As Feminist theorist Gilligan (1993) has argued compellingly, implicit in this model of male development is an understanding of psychological health as being synonymous with autonomy and separateness. Conversely pathology and moral weakness within psychoanalytic theory have traditionally been seen as resulting from a failure to define oneself as separate from the other. (13)
Ah. I have had this problem with therapists. R and I went as newlyweds to get help in being better husband and wife. The therapists did not know what to do to help us since we had no pathology. They gave us a test that showed that we were too “intertwined” with each other and not separate enough. (What did they expect of newlyweds?) Then they said they guessed it was okay if we both wanted to be pathological. At least we were in agreement on our dysfunction.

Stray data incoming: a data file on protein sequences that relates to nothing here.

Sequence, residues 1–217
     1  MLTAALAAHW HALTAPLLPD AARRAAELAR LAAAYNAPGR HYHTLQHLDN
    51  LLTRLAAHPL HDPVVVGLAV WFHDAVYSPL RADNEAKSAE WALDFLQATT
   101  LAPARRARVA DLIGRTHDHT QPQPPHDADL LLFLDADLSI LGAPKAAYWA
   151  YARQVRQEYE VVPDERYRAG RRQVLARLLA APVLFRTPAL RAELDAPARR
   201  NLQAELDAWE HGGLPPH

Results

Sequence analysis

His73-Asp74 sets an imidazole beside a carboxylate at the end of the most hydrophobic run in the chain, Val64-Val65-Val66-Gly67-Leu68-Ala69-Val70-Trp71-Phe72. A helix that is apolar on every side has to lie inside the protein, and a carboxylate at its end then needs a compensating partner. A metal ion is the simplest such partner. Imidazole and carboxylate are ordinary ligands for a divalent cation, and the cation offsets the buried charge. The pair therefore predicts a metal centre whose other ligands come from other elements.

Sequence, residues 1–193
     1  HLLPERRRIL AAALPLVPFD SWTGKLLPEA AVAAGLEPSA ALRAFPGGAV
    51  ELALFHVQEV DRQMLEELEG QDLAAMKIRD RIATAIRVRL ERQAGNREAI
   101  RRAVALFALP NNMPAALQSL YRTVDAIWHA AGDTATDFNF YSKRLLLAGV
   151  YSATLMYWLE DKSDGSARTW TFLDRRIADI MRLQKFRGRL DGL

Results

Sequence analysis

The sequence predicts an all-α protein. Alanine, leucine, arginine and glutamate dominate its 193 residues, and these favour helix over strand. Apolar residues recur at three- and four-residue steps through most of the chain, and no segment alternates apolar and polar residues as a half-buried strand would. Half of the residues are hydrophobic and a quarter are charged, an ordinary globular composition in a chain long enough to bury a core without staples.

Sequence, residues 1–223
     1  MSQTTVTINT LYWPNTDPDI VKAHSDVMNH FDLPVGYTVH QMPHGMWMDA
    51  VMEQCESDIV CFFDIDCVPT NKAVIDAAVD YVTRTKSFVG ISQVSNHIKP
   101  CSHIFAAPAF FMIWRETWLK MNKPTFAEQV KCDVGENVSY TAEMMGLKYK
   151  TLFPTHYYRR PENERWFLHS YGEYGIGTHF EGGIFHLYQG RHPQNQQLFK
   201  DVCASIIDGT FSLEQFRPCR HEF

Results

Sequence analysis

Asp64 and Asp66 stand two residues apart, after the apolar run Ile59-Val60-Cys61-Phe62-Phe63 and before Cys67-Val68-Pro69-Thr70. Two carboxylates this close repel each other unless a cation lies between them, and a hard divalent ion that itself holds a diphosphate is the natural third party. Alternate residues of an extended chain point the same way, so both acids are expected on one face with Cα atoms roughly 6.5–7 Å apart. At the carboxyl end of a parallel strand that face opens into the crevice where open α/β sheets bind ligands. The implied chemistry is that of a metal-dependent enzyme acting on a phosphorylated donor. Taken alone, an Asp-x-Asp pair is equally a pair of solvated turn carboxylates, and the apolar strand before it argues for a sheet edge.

I have always been annoyed by that. It happened in 1989 or 1990. I have read Gilligan, but I didn’t realize that she was talking about our experience. Very useful. We were non-patriarchical, non-pyramidic, and thus did not fit their Western/American expectations of individualism outside of a group.
Quote from: Liebman, Samuel J. and Steven C. Abell. “Reconstructing the Sacred: Evolving Conceptualizations of Religious Faith in Psychoanalytic Theory and Practice.” Journal of Contemporary Psychotherapy 30.1 (2000): 7-25. ProQuest.